CHRIS DE BIEL & DIE LĖRCHEN - Chris de Biel & die Lėrchen

Chris de Biel & die Lėrchen - Chris de Biel & die Lėrchen

9 songs
29:40 minutes
***** ***
Micropal

Bandpage

Every kind of music has its merits, when done properly. This even counts for German schlager music. Not the overproduced, synthetic and above all unauthentic crap that you see and hear on German TV stations. But once in a while you come across an artist who has such a passion for the craft that you can only admire his tenacity to play a kind of music which often is frowned upon.

Chris de Biel is a German singer and guitarist who just turned fifty this year, and his eponymous debut with his backing band Die Lėrchen is the first time I have come across his music. His musicians actually have kind of a punk rock background, with guitarist Enno Palucca being known from Die Goldenen Zitronen and drummer Tobi Helmlinger who used to play bass with The Robocop Kraus. Bass player Stefan Meißlein has a soul and reggae background, and the incredibly talented organist Walter Whatner comes with an alias because contractual obligations don’t allow him to reveal his actual name.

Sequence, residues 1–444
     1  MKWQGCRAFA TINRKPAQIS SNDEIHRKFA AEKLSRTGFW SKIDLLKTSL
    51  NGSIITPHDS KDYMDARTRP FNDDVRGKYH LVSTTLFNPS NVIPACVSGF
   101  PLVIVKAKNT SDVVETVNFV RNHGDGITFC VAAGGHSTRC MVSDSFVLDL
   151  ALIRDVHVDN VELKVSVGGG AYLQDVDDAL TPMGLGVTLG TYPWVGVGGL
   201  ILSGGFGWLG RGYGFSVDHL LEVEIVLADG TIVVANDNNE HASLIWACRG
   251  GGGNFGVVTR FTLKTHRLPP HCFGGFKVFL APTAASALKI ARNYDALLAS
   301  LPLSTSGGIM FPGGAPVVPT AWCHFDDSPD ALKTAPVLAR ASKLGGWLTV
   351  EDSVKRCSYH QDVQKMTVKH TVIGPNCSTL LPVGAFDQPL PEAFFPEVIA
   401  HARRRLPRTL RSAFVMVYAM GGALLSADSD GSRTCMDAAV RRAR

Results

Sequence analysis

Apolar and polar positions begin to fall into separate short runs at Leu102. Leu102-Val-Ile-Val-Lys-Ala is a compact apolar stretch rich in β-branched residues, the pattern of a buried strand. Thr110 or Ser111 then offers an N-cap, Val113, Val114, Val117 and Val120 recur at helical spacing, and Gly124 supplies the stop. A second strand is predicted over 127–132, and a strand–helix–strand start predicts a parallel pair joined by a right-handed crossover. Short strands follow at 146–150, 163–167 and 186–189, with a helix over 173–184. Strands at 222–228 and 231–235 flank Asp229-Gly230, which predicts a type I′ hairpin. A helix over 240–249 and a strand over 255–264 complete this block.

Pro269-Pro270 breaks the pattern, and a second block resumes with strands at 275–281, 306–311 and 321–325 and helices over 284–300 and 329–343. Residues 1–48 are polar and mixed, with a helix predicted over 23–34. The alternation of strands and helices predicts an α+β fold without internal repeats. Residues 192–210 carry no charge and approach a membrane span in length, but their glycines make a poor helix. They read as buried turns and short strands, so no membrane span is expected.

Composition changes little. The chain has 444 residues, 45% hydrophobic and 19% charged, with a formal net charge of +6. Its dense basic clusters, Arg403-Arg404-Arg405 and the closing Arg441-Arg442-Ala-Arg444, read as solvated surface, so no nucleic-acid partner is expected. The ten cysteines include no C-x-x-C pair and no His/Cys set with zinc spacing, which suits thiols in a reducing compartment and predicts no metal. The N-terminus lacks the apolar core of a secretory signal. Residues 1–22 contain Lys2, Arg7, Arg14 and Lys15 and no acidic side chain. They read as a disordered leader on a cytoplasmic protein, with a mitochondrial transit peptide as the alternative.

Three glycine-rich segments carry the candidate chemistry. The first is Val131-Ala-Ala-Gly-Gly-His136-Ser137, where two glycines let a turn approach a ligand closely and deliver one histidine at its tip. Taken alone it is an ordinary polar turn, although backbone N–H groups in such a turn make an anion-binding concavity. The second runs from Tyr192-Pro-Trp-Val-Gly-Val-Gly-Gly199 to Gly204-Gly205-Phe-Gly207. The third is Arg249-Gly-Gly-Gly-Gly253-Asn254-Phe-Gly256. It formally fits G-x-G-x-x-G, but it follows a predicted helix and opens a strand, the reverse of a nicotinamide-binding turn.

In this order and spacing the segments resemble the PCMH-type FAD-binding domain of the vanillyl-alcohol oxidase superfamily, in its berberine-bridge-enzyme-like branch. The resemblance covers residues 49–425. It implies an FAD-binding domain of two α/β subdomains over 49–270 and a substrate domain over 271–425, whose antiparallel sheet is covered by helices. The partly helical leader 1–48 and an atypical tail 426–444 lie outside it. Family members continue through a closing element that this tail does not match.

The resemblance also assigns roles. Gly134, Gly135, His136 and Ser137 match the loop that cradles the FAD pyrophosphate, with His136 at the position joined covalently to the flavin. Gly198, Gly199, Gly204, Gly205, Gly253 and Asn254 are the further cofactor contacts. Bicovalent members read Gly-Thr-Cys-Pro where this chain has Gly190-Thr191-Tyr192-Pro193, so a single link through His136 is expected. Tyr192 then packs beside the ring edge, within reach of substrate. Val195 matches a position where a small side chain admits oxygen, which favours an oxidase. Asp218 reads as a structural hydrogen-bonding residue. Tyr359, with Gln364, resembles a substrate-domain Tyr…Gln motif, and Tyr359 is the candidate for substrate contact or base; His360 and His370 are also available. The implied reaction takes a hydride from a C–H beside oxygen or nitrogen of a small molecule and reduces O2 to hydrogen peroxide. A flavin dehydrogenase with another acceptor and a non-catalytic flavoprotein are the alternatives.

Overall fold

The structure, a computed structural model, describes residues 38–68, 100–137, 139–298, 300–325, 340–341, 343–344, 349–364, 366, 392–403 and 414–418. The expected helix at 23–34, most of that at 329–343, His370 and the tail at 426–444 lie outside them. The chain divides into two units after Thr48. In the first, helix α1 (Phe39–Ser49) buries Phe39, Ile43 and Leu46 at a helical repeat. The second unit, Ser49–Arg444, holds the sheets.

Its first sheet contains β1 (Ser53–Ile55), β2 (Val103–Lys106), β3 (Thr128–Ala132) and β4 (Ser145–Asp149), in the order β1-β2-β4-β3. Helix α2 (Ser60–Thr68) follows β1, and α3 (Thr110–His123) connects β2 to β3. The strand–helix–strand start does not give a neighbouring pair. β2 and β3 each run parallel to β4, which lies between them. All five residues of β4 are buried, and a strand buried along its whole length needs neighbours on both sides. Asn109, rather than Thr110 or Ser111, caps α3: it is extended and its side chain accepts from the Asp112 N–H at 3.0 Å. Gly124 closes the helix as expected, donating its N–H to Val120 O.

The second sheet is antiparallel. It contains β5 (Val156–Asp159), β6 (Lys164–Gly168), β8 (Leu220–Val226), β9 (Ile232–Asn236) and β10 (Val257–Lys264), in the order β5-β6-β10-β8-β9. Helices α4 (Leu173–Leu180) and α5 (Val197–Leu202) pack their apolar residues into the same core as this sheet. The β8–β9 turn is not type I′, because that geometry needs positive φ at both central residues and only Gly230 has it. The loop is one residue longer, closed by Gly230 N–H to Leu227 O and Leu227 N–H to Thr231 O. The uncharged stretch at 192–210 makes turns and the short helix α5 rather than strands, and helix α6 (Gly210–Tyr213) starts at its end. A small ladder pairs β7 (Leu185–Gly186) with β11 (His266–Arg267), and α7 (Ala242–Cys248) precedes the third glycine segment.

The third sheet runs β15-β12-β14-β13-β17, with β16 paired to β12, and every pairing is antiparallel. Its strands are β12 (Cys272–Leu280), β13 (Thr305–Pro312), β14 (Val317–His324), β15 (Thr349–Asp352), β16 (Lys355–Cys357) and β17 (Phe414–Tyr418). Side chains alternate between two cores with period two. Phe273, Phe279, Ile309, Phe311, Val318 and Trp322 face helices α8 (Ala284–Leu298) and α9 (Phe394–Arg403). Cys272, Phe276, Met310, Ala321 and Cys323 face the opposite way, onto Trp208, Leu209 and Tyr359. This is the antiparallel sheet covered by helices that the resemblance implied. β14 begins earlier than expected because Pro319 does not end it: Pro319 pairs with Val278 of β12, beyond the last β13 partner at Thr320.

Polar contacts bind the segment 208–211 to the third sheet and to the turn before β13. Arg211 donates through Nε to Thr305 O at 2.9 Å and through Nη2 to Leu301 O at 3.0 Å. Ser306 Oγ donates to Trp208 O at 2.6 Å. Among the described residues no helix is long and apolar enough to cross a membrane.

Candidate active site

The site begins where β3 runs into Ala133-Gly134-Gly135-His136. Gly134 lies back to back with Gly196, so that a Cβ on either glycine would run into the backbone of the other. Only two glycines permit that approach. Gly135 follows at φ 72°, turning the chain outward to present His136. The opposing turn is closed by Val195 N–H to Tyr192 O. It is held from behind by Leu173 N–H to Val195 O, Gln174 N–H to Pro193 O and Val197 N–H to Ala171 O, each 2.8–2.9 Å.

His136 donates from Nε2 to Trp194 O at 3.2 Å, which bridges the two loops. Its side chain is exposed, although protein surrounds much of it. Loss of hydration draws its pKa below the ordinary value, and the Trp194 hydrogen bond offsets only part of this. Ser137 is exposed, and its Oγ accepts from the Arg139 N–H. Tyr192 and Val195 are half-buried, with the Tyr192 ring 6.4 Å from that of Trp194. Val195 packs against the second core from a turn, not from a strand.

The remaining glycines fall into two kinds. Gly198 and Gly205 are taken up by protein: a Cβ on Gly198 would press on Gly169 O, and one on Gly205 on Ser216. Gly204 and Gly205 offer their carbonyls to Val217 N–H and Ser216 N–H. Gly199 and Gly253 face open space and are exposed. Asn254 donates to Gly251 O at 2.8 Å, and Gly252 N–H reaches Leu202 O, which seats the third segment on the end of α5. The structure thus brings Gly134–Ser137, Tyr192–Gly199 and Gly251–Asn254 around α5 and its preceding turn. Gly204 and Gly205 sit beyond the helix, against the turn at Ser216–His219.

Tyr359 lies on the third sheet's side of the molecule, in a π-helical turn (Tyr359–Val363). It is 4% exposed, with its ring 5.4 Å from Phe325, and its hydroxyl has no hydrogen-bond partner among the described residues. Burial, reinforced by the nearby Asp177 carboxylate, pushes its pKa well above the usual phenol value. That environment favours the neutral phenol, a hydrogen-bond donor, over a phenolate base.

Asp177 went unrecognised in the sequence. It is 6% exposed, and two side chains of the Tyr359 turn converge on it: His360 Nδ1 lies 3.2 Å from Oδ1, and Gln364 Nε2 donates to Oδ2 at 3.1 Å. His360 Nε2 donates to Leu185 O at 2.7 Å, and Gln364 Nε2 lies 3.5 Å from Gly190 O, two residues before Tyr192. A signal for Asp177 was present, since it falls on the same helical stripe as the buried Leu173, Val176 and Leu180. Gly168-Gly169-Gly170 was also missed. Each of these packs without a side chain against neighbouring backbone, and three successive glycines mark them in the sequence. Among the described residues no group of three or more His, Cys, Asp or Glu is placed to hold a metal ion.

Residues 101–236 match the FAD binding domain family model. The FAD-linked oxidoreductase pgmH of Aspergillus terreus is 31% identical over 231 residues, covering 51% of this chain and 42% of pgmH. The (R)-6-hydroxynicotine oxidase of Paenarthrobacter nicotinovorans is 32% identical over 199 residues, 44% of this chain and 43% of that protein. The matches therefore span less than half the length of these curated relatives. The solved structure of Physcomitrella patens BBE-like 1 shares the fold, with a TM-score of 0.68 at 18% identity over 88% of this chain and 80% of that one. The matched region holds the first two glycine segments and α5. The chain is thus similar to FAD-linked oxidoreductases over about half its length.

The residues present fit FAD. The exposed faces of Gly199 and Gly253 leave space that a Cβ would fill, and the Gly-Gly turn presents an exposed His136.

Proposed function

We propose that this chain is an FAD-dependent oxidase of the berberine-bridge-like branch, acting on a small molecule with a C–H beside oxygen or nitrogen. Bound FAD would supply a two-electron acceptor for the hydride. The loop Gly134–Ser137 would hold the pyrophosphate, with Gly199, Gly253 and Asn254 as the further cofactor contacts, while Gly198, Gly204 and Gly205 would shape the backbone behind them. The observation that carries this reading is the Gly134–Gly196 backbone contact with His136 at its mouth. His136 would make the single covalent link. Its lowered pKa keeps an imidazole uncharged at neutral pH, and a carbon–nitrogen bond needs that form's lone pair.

The album is only a short half hour long, and while this may seem disappointing at first, it also allows Chris and the band to concentrate their energies where it counts. The nine songs featured here are all very good, some even great. The opener Du kannst mir nicht imponieren, außer wenn Du endlich Deinen Arsch bewegst has a rather long title and surprises with witty lyrics and a cool chorus. The following Busenwunder continues in that humorous vein, but the third track, Es war ein kurzes Wiedersehen, shows that these guys are not merely a comedy act. This melancholic song is another side that will recur throughout the album and works somehow just as well as the funny bits. Gold gefunden is not that humorous but convinces with its punchy performance. Nie genug is a cheesy ballad that strangely enough is still rather charming. A bissl stirbt sichs jeden Tag is another highlight, sounding rather Austrian and possibly also the album’s darkest and most melancholic moment. Hund und Baum is a funk infused number, and Marlene once again portrays the artist’s mastery of songs about lost love. The album ends with the danceable Sie hat Spaß.

The German language sometimes has words that no other language can match. Like Chris de Biel & die Lėrchen who are described by their record label as a "Herrentanzkapelle", which in English might be vaguely translated as a gentlemen’s dance orchestra. And that’s the feeling I got listening to these songs: like these amateurish bands playing their shaky songs in rural villages in front of weird villagers. I don’t think of this here as a parody, but rather as a tribute to a musical subculture that will always be associated with uncoolness. And the band’s professional and heartfelt attitude is what transforms this album eventually into something enormously cool.

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